It seems that wind farms are not so resistant against cyber attacks and which makes them vulnerable to ransomware attacks. They can be used as a part of DDoS attacks as poorly configured IoT devices or they can be shut down to prevent generating electricity which will cause critical financial loss. Their most important advantage against the cyber attacks is that most of the wind famrs are not connected to internet but there are ways to breach such systems.
Underlined exprerssios from the article above:
 
His team found that these massive devices run a variety of operating systems, some wildly out of date and susceptible to known vulnerabilities. This includes everything from embedded Windows CE, Windows 95, various flavors of Linux, and some real-time OSes.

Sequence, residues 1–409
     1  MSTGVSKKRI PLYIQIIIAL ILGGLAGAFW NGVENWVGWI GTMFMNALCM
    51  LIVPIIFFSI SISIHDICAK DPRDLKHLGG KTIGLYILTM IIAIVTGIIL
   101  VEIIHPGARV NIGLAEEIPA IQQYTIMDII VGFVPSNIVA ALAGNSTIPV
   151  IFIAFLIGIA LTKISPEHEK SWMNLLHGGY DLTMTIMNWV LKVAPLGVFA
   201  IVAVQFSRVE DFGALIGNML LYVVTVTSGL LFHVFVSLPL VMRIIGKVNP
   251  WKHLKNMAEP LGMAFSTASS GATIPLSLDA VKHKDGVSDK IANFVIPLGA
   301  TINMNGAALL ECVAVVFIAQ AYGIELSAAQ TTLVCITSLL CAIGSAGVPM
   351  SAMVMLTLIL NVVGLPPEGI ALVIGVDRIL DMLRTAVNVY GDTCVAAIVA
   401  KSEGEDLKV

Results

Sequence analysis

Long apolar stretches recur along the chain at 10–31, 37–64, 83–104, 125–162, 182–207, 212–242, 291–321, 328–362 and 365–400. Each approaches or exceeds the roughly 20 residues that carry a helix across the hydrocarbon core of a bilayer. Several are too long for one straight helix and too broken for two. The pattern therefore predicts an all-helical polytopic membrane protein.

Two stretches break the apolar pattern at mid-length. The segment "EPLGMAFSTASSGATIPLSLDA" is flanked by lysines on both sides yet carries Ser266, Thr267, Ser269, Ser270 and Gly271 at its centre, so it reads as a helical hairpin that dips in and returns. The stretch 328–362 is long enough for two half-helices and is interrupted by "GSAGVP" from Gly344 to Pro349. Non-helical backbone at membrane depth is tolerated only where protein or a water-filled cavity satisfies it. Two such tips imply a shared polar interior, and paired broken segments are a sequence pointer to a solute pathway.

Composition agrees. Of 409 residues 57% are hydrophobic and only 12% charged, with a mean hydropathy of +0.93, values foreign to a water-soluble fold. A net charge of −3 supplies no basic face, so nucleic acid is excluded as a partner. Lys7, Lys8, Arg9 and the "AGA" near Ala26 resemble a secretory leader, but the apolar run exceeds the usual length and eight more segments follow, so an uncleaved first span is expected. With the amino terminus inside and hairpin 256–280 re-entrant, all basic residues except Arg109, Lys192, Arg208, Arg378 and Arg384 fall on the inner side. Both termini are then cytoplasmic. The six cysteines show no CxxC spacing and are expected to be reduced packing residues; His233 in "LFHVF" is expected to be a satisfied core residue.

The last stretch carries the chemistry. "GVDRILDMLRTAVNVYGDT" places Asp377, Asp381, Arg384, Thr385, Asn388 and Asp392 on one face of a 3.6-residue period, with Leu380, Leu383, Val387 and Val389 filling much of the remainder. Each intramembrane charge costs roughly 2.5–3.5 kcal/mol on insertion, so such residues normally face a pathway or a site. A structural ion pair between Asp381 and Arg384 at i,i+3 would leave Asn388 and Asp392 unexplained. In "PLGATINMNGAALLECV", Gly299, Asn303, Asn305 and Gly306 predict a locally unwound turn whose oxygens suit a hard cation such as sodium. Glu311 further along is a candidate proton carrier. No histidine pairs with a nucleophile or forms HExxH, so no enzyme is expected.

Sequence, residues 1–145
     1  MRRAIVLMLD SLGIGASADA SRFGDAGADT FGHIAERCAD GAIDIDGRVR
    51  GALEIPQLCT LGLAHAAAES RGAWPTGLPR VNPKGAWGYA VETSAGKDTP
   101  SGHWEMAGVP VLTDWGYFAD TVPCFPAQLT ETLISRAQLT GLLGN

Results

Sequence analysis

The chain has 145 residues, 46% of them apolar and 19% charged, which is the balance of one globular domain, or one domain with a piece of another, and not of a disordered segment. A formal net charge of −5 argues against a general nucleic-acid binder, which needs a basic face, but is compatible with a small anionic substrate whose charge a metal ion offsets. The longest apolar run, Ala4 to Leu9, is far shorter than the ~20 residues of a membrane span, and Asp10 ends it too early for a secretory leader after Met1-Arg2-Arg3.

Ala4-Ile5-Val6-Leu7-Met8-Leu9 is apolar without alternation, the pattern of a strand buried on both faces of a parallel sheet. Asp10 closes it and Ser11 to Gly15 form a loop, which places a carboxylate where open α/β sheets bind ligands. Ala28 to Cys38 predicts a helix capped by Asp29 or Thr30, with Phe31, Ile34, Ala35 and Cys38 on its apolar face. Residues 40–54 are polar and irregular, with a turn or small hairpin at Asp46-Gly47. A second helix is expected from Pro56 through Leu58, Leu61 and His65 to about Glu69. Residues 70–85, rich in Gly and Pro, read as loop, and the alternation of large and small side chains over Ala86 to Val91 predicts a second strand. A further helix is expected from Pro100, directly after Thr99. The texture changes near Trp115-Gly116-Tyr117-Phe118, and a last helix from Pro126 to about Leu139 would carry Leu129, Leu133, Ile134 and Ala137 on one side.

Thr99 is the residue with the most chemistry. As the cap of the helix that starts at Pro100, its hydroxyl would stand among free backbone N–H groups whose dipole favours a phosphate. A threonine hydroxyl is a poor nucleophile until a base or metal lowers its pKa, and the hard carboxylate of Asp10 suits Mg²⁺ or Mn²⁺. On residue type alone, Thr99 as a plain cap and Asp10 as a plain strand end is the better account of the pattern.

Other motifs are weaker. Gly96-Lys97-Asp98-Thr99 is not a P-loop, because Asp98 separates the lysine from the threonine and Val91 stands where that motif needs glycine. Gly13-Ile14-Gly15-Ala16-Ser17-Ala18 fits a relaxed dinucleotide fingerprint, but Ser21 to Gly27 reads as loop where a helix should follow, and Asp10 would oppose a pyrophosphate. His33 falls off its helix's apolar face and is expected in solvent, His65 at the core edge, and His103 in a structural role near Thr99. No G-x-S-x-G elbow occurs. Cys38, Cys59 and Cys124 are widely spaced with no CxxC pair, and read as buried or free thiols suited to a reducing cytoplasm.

"If you can own one of them you can own them all," said Staggs.
 
Staggs outlined not just a method for attack, but a monetization plan as well. Taking inspiration from ransomware attacks, he imagined a scenario whereby attackers shut down a wind farm and demand payment in order to return it to normal operation. At the current price of electricity, a wind farm loses $10,000 to $30,000 for every hour it's not in operation, he said.
 
Second, simple security measures would completely mitigate the attacks. "If you have something in place where you could VPN traffic between turbine and the substations, it prevents everything I just outlined," said Staggs."